How to Calculate Energy Conservation’s Hidden Value

01/25/2013 |

Are you ready to find out the worth of your efforts?

These equations will help you calculate a dollar value for the hidden benefits you receive from your energy conservation projects.
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You could be missing up to 31% of the hidden value of energy conservation, according to recent research.

Benefits such as decreased maintenance costs and labor, avoided capital investment, and reduced sales taxes and environmental penalties are easy to overlook, but contribute greatly to the value of your conservation projects, according to energy expert Eric Woodroof, a certified energy and carbon reduction manager.

Ready to see how much your energy conservation measures are really worth? These calculations will show you how.

Reduce Maintenance Material Costs
Assume that you turn off a lighting system 25% of the time, allowing the lighting ballasts and lamps to last 25% longer. You can easily assign a dollar value to the extended lifetime of both items, Woodroof says.

For example, say the ballast life is rated for 60,000 hours. If your building operates the lights for 5,000 hours per year, the lighting should be replaced in the 12th year. With 5,000 ballasts costing around $20 each, the material replacement cost at the 12th year would be $100,000.

That means the annualized material replacement cost over those 12 years would be about $8,333 a year, Woodroof explains.

However, if you can turn the lights off 25% of the time, you’re only operating them for 3,750 hours per year, which means that the ballasts should last 16 years. That reduces the annualized material replacement cost to $6,250, a full $2,083 saved just on the ballasts.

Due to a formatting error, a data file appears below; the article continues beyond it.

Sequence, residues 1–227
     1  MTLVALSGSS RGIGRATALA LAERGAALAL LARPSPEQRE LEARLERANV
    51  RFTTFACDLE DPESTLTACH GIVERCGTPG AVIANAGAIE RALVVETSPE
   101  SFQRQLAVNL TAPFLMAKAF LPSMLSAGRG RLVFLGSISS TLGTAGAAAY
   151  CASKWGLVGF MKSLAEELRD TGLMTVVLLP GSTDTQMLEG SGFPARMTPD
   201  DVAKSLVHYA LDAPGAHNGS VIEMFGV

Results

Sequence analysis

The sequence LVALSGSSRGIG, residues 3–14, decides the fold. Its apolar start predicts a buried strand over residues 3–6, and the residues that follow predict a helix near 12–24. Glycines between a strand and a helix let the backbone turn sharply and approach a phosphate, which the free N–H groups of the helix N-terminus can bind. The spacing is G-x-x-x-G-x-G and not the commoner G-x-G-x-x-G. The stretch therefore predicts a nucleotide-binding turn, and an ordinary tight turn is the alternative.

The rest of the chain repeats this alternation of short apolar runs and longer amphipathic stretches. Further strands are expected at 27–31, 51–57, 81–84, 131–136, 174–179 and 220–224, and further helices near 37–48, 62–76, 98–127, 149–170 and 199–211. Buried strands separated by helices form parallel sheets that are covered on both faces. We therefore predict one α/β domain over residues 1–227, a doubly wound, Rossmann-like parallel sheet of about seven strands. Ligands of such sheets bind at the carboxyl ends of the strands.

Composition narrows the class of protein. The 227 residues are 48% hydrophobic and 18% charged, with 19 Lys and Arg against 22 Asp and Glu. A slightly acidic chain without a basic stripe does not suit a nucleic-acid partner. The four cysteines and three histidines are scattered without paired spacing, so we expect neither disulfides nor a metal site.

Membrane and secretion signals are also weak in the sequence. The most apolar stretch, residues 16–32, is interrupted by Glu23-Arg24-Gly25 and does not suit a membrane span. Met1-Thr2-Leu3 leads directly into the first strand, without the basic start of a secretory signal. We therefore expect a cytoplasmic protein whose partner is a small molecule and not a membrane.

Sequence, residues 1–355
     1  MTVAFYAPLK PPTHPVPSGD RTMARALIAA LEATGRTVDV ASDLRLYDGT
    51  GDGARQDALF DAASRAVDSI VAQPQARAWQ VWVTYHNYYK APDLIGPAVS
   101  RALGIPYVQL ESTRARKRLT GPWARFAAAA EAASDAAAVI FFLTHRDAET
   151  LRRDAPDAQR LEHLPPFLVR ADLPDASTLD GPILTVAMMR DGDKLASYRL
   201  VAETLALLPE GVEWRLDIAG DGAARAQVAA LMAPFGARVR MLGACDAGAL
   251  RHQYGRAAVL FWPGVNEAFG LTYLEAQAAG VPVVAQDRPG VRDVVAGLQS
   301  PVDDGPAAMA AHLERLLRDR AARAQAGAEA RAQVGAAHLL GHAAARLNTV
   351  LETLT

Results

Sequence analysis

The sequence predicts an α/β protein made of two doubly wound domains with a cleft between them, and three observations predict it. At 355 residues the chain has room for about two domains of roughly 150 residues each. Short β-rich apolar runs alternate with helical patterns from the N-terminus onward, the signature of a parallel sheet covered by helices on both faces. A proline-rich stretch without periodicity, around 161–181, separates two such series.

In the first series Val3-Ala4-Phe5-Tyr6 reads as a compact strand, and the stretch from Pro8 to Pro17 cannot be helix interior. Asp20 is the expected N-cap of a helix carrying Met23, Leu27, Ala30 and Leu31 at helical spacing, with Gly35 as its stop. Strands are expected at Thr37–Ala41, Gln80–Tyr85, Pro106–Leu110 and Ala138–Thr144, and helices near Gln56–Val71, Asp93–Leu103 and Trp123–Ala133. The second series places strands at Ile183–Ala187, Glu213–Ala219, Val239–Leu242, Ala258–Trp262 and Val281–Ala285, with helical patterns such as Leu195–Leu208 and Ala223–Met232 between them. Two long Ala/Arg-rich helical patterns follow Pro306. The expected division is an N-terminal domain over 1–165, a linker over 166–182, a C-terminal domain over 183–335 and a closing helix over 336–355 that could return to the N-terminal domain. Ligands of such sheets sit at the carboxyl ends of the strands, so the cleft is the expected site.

Similar calculations using this formula will help you quantify the material cost savings for the lamps, as well as motors, filters, or any other equipment that derives a longer lifetime from fewer hours of operation.

Reduced Maintenance Labor Costs
It’s similarly simple to calculate the savings on labor costs you’ll incur as a result of reduced maintenance needs, Woodroof explains.

Take the ballasts from the previous example and assume that it takes about 30 minutes to replace each one, including set-up, rewiring, and disposal of the old ballast. The labor and disposal costs for each ballast add up to $15. This means that the cost to replace all 5,000 ballasts adds up to $75,000 over the ballasts’ 12 years of operation, or $6,250 per year in annualized costs, Woodroof says.

However, if you can reduce the lighting’s hours of operation to 3,750 per year again and stretch the ballast life to 16 years, the annualized labor cost drops to $4,688, an annual savings of $1,562. Like the previous example, this formula can be applied to any other equipment affected by your energy conservation measures.

Improved Building Value
This last benefit only applies if the building is sold, but represents a considerable benefit to the building owner.

“Similar to any piece of equipment, the building’s value is partially dependent on the operations and maintenance expenses,” Woodroof explains. “For example, a hybrid car has less annual gas expenses, so it has additional market value. If a building owner is experiencing lower operations and maintenance expenses, the building will be worth more when it is sold.”

Assume that your energy conservation measures save you a total of $150,000 in O&M per year. Those savings go directly to the bottom line and increase the building value by a factor of 10. Multiply the yearly savings by 10 to find the one-time benefit from selling the building.

To learn more, read “Energy Conservation Also Yields: Capital, Operations, Recognition and Environmental Benefits,” originally published in Energy Engineering, Vol. 109 (5), 2012.

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